Winning his 14th major back in 2008, it seemed inevitable that the American would go on to break Jack Nicklaus’ record of 18, but that US Open success at Torrey Pines remains the last time he lifted one of the big four trophies. He has made all the right noises over the years about how he will go on to equal and surpass the Golden Bear, but that now seems highly unlikely and the sort of comments that a washed-up boxer issues before his last attempt to roll back the years for one final pay-day.
There is no question that Woods still has the talent to succeed but it is open to debate whether his fragile body can ever stand up to the rigours of playing on the PGA Tour.
The Florida resident underwent a fourth back operation in three years in April after withdrawing from the Dubai Desert Classic at the start of February and there was little by way of positive news coming from the Woods’ camp. An arrest for driving while under the influence hardly helped matters, while the 41-year-old’s comments at the Presidents Cup that he might never play again seemed to suggest that even the most driven of men might be at the end of his tether. But he will tee it up in the Bahamas between November 30 and December 3 for the restricted-field event that he hosts and hope to get through four rounds unscathed.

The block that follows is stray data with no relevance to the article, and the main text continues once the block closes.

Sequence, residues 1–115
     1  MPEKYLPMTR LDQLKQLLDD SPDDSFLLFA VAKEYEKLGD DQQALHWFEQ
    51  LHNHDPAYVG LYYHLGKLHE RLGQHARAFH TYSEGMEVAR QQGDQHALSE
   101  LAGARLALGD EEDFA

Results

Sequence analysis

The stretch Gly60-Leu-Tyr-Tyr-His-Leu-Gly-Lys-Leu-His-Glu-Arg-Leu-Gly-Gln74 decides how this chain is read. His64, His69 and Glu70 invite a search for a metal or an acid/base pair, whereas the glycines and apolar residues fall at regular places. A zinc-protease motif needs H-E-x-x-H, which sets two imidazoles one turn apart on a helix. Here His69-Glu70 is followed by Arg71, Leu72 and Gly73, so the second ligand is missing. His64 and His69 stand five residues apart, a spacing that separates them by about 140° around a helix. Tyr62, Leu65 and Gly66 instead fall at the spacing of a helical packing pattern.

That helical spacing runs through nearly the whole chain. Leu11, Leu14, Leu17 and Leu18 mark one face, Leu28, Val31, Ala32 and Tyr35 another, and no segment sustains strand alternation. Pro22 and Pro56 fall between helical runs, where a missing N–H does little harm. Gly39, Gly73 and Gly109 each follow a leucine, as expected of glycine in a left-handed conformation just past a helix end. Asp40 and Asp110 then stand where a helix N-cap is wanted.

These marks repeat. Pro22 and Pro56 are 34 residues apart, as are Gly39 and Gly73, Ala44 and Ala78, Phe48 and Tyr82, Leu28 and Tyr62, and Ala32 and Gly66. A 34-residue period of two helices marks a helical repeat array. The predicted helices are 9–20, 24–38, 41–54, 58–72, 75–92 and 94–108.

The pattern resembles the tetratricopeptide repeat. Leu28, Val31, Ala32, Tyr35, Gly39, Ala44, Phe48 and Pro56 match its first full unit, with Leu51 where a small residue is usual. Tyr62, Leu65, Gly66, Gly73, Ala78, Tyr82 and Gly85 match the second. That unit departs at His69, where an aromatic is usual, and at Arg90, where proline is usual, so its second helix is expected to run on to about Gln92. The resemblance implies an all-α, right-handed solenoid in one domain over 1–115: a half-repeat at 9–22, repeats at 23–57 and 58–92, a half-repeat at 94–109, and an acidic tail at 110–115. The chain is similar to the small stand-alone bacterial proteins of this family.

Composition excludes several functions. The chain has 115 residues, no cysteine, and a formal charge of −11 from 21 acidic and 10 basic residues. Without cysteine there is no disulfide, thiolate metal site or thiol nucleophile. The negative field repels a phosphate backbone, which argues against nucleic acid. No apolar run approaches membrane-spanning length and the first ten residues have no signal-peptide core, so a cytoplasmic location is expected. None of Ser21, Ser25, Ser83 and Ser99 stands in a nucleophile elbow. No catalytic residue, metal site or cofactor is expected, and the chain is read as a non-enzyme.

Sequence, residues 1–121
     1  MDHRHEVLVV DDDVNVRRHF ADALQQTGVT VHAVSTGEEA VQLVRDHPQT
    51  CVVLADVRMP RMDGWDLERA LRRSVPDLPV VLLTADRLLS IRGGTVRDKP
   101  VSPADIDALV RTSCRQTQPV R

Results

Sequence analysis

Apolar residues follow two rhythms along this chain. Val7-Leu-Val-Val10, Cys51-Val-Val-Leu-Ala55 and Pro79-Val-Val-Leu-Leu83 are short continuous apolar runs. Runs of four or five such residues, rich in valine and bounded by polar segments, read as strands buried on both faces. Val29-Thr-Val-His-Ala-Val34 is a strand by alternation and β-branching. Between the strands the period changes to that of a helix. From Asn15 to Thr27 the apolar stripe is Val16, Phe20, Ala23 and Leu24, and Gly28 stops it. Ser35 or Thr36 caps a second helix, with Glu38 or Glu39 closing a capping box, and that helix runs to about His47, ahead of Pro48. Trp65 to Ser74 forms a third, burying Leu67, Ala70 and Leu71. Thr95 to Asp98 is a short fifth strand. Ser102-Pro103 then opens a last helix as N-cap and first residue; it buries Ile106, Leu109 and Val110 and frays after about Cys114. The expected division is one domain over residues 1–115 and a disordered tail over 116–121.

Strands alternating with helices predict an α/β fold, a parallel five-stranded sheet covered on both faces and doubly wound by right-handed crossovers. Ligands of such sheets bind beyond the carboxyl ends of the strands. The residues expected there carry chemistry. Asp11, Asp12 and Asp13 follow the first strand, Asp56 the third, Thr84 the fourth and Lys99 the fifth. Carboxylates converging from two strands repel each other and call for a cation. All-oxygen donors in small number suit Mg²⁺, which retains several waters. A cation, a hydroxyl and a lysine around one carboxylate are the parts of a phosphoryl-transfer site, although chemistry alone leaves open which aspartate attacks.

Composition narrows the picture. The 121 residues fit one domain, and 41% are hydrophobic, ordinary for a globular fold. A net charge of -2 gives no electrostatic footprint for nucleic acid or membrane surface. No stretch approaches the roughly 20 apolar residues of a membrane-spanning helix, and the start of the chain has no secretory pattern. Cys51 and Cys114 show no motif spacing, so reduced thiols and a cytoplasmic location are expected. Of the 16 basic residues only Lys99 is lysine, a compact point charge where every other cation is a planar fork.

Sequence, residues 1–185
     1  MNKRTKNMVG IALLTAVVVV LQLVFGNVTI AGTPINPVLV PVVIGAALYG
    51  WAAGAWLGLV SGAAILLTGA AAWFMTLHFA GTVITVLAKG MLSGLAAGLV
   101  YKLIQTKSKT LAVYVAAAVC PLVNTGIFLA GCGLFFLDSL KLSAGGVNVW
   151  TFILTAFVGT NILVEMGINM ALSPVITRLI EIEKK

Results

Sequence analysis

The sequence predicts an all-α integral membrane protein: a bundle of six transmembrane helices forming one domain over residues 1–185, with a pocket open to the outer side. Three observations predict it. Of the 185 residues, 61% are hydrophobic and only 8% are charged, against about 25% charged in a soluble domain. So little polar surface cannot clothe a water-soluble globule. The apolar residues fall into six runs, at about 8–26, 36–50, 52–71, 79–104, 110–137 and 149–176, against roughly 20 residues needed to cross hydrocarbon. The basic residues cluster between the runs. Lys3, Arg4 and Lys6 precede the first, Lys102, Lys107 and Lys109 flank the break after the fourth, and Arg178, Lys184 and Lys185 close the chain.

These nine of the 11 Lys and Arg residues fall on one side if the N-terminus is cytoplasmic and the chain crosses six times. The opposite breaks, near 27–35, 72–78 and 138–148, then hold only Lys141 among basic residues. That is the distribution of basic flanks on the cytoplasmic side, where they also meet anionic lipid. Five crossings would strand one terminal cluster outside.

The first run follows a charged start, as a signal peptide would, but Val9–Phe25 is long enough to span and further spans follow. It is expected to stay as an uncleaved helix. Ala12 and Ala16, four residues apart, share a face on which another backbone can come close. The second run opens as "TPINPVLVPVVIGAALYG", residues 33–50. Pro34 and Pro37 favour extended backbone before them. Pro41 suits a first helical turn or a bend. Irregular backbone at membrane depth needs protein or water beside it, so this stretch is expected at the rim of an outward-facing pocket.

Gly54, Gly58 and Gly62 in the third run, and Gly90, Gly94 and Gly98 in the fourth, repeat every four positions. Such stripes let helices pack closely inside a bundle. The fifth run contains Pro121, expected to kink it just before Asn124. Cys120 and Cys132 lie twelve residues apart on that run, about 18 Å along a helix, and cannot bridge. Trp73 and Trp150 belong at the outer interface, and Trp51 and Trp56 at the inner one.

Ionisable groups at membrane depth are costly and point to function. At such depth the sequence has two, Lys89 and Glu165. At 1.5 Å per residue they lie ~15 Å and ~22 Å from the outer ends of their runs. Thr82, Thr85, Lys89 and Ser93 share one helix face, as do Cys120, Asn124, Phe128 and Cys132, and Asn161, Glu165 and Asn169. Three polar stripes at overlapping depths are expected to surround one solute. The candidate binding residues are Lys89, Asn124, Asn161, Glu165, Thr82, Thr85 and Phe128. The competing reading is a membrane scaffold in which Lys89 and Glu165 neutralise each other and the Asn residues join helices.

By his own admission, Woods has returned from previous injury absences too soon and paid the price, and the sight of him walking or being carted off a golf course while grimacing in pain was becoming all too familiar. He has bided his time on this occasion because, as he approaches his 42nd birthday on December 30, there is no guarantee that he would have it in him to make it back from yet another setback, and it may well be his last-chance saloon.
A few of his fellow US stars have practised with him in recent times and stated that he seemed to be swinging a club as well as ever, with Rickie Fowler suggesting that his length off the tee had not diminished despite a plethora of surgeries. However, hitting balls on the range or playing a few money matches with your buddies is a far cry from having to smash a ball 250 yards out of thick rough to give yourself a chance of saving par.
It is only then that we will see if Woods is ready to return for what would inevitably be a shortened season stateside.
Tiger Woods is one of the greatest ever golfers and the way he dominated the sport for a decade was sensational, but time catches up with us all and it would seem folly to suggest that he will ever be near the top of the world rankings again.
The nature of the sport means that he could raise his level over four rounds to win another tournament but, with his star on the wane and any number of fresh and hungry youngers now on the circuit on both sides of the Atlantic, his glory days have surely be consigned to history.